Marrakshi chicken with preserved lemon

Sam is getting more adventurous with his cooking, and wanted to try a Moroccan-inspired dish. This is what he made – heavily influenced by the chicken tagine served at Leon.

Serves 4

  • 1 large onion
  • 2 tablespoons extra virgin olive oil
  • 1 teaspoon garlic puree (or smoked garlic puree if you can find it)
  • 1 tablespoon ras-el-hanout spice mix
  • 8 small chicken joints, on the bone for preference (thighs are perfect for this, or you can buy a whole chicken and joint it yourself – there’ll be plenty of meat left over on the carcass to make  stew or soup)
  • a few strands of saffron (optional)
  • half a litre of chicken stock
  • 1 tin of chickpeas, drained
  • 4 large preserved lemons or 8 really small ones, enough for about 60g of rinds
  • 50g green olives, stoned and chopped
  • 2 tablespoons creme fraiche
  • salt and black pepper

Peel and chop the onion into thin half-moon slices.  Heat the oil in a large saute pan or casserole dish, and saute the onion in the oil over a medium heat until it is soft but not coloured. Add the garlic puree and the ras-el-hanout, stir it about and enjoy the lovely aromas of the spices as they heat up.  Put in the chicken pieces – you should really take the skin off .  Then add the chickpeas, the saffron and the stock and let it come to a simmer. Leave it simmering for about ten minutes.

Take the preserved lemons and cut them in half. Scoop out the flesh and pips and discard them, then slice up the rinds and add them to the pan along with the chopped olives.  Keep the pan simmering for another ten minutes.

Finish off the dish by adding the creme fraiche. Stir it in and then turn up the heat a bit to reduce the liquid a little – this should take another ten to fifteen minutes.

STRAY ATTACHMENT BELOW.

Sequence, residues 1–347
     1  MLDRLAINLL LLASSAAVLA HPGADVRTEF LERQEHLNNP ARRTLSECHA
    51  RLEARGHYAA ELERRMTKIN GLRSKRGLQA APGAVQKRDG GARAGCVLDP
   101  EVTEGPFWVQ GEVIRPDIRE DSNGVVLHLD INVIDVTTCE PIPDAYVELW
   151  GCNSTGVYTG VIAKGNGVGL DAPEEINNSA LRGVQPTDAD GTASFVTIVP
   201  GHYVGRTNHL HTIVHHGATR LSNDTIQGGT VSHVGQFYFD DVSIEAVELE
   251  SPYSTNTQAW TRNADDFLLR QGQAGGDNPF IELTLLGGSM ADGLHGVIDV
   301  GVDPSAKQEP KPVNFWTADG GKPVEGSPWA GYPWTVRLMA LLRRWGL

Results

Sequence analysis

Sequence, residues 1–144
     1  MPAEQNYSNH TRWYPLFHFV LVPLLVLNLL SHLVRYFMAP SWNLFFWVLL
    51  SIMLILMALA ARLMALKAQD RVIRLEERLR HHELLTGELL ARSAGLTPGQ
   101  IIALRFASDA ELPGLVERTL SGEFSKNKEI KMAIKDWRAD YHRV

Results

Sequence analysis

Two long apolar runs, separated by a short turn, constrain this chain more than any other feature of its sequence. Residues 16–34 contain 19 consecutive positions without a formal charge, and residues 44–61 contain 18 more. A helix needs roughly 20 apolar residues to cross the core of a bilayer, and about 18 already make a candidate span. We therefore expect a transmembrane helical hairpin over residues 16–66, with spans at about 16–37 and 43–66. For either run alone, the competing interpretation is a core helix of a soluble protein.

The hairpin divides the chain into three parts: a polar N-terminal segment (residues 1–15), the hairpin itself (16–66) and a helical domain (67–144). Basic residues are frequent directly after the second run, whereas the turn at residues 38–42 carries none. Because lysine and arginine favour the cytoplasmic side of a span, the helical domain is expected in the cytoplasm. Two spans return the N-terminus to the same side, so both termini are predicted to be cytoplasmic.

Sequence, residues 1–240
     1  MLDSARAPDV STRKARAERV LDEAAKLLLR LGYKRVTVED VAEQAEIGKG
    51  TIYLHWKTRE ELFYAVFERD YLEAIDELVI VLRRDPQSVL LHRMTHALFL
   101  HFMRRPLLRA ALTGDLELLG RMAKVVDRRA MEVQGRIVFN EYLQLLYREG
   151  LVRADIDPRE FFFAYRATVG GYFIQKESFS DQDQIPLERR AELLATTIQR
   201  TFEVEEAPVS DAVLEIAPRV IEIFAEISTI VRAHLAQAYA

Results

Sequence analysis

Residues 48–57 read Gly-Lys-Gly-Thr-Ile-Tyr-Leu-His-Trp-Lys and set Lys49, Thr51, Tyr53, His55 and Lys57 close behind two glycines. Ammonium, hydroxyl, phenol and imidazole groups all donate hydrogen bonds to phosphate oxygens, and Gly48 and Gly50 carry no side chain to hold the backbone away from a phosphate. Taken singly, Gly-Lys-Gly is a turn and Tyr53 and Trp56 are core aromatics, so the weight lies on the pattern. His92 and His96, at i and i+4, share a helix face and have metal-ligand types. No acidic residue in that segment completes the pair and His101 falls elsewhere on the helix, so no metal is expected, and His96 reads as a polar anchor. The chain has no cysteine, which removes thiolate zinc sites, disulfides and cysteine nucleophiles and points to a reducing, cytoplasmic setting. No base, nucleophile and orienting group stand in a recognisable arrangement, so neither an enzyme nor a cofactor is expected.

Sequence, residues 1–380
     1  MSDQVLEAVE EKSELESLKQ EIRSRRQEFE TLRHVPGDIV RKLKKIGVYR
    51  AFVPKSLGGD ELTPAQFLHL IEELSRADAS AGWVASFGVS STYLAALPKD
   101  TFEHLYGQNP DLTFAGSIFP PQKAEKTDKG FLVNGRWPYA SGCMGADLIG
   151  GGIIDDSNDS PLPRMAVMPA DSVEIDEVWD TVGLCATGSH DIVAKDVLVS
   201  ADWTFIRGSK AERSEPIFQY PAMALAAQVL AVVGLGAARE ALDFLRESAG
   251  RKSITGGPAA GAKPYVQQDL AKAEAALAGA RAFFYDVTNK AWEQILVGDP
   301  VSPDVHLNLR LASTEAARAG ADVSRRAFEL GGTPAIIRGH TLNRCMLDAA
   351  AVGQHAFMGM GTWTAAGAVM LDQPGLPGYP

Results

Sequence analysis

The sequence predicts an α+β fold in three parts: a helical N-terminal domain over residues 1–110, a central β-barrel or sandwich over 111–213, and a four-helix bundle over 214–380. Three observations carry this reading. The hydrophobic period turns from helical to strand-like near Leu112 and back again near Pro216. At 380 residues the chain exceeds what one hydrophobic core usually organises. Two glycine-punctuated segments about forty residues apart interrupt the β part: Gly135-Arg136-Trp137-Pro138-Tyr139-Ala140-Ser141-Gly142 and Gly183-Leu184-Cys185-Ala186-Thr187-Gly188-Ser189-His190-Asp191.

Incidentally if you use big chicken breast fillets or larger joints, you will need to increase the cooking time to ensure the chicken is cooked through.  Chicken should never be pink!

When you are ready to serve, season it with salt and pepper (it may not need salt because of the stock and the olives) and garnish with some chopped coriander leaves (cilantro to our friends across the Atlantic).  This dish can be served with couscous or rice, and it goes well with dark green vegetables such as broccoli or wilted spinach.  You could also try a mixture of traditional Moroccan braised vegetables such as carrots, courgettes, squash, aubergine and green cabbage.

 

Moorish thing

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Not sure what to call this – it’s a sort of Spanish/Moroccan fusion thing, using up bits and pieces that were in the fridge and cupboard.

  • half a chorizo ring, skin removed and cut into small pieces
  • 1 onion, peeled and chopped finely
  • half a jar of “magic peppers” – marinated red peppers that magically do not cause indigestion
  • one 400g tin of plum tomatoes
  • one 400g tin of chickpeas, drained
  • 100g frozen spinach
  • half a teaspoon each cumin, coriander, chili powder and cinnamon
  • 250ml stock (I used mushroom but I imagine vegetable or chicken would work too)
  • Salt and pepper
  • 100g couscous

Put the chorizo bits and the chopped onion in a large frying pan and heat gently until the onions are soft.  Stir in the spices and let them heat through for a bit.  Then add the chopped magic peppers, the tomatoes and the chickpeas, with the hot stock.  Add in the frozen spinach and let it all bubble together for about 20 minutes.  Add salt and pepper to taste (shouldn’t need any salt because of the stock and the chorizo).  Cook the couscous according to the packet (usually adding a double quantity of boiling water and leaving it to stand for 5 minutes) and serve the Moorish thing on top of the couscous.